PASSIONATE visionary, pioneer and all-rounder - such were the epithets used to describe Dr Goh Poh Seng by the Singapore literati when news of his death broke yesterday.
The Kuala Lumpur-born and Dublin-educated poet and novelist, who practised medicine in Singapore for 25 years, died of pneumonia on Sunday at 9pm (Canada time), in the palliativecare ward of St Paul's Hospital in Vancouver. He was 73.
A Cultural Medallion recipient and activist who always pushed boundaries, Dr Goh was known for many firsts: He was the first to use Singlish on stage as a playwright in the 1960s, opened the country's first disco and live music venue in 1983, and brought the first David Bowie performance to Singapore in the same year.
Among his other initiatives were the founding of a symphony orchestra, a Chinese orchestra and Centre 65, a forum to promote the arts, said poet Edwin Thumboo, 76.
"Poh Seng was a pioneering spirit who did much for the arts," he added.
However, Dr Goh left for Canada in a huff in 1986 when the authorities shut down Rainbow Lounge after a member of the house band made a risque remark in Hokkien onstage.
He last returned to Singapore with his wife Margaret in 2007 for the Singapore Writers Festival, at the invitation of the National Arts Council.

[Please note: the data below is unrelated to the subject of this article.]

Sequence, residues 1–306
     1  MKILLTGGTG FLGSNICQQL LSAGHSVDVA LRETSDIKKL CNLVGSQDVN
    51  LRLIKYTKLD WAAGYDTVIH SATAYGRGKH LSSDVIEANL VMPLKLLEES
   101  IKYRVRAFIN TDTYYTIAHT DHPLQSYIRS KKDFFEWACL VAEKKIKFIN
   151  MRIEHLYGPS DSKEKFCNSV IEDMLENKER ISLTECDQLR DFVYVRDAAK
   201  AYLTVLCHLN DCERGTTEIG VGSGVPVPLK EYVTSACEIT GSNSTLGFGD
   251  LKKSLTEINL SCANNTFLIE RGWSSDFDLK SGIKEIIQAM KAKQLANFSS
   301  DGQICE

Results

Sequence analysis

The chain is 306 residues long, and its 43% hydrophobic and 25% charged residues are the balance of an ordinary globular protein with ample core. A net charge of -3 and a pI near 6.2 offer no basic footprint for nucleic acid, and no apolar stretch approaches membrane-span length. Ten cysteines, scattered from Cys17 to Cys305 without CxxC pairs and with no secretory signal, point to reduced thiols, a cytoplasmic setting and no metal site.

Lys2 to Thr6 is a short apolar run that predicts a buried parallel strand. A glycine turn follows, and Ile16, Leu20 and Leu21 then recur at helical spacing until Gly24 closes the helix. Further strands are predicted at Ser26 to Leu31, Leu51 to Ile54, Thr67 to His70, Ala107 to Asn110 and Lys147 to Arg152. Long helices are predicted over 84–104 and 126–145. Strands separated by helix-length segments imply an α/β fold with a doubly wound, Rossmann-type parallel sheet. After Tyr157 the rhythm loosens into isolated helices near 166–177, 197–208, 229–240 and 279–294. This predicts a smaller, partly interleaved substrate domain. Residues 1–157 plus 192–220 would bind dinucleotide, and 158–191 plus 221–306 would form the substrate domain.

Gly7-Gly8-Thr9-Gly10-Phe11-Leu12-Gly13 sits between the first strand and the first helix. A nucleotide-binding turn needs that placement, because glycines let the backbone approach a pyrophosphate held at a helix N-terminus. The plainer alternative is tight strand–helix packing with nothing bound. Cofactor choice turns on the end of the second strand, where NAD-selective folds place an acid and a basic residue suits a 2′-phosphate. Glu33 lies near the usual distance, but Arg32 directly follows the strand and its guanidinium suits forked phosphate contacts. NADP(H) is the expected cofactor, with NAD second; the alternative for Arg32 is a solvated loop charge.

Despite being stricken with Parkinson's disease, he attended readings, organised lunches and revisited places.
Writer Robert Yeo, 69, remembers Dr Goh fondly - the former's first poems outside of school had been published in Dr Goh's literary magazine, Tumasek, in the 1960s.
He recalls: "Dr Goh was a pioneer dramatist and I took inspiration from the fact that he was someone trying to establish an indigenous tradition in writing plays when there were none.
"He is someone who not only believed in literature, but also believed in lifting the cultural aspirations of Singaporeans."
Finance lawyer and poet Aaron Lee, 37, calls Dr Goh a person whose "spirit was larger than life" when they met in 2007, at the older man's invitation.
"He was in the midst of writing a trilogy, and he still had a lot of stories to tell.
"He had said: 'Aaron, if I'd known I'd be given this kind of warm welcome in Singapore, I would have come back earlier,'" said Mr Lee.
For more my paper stories click here.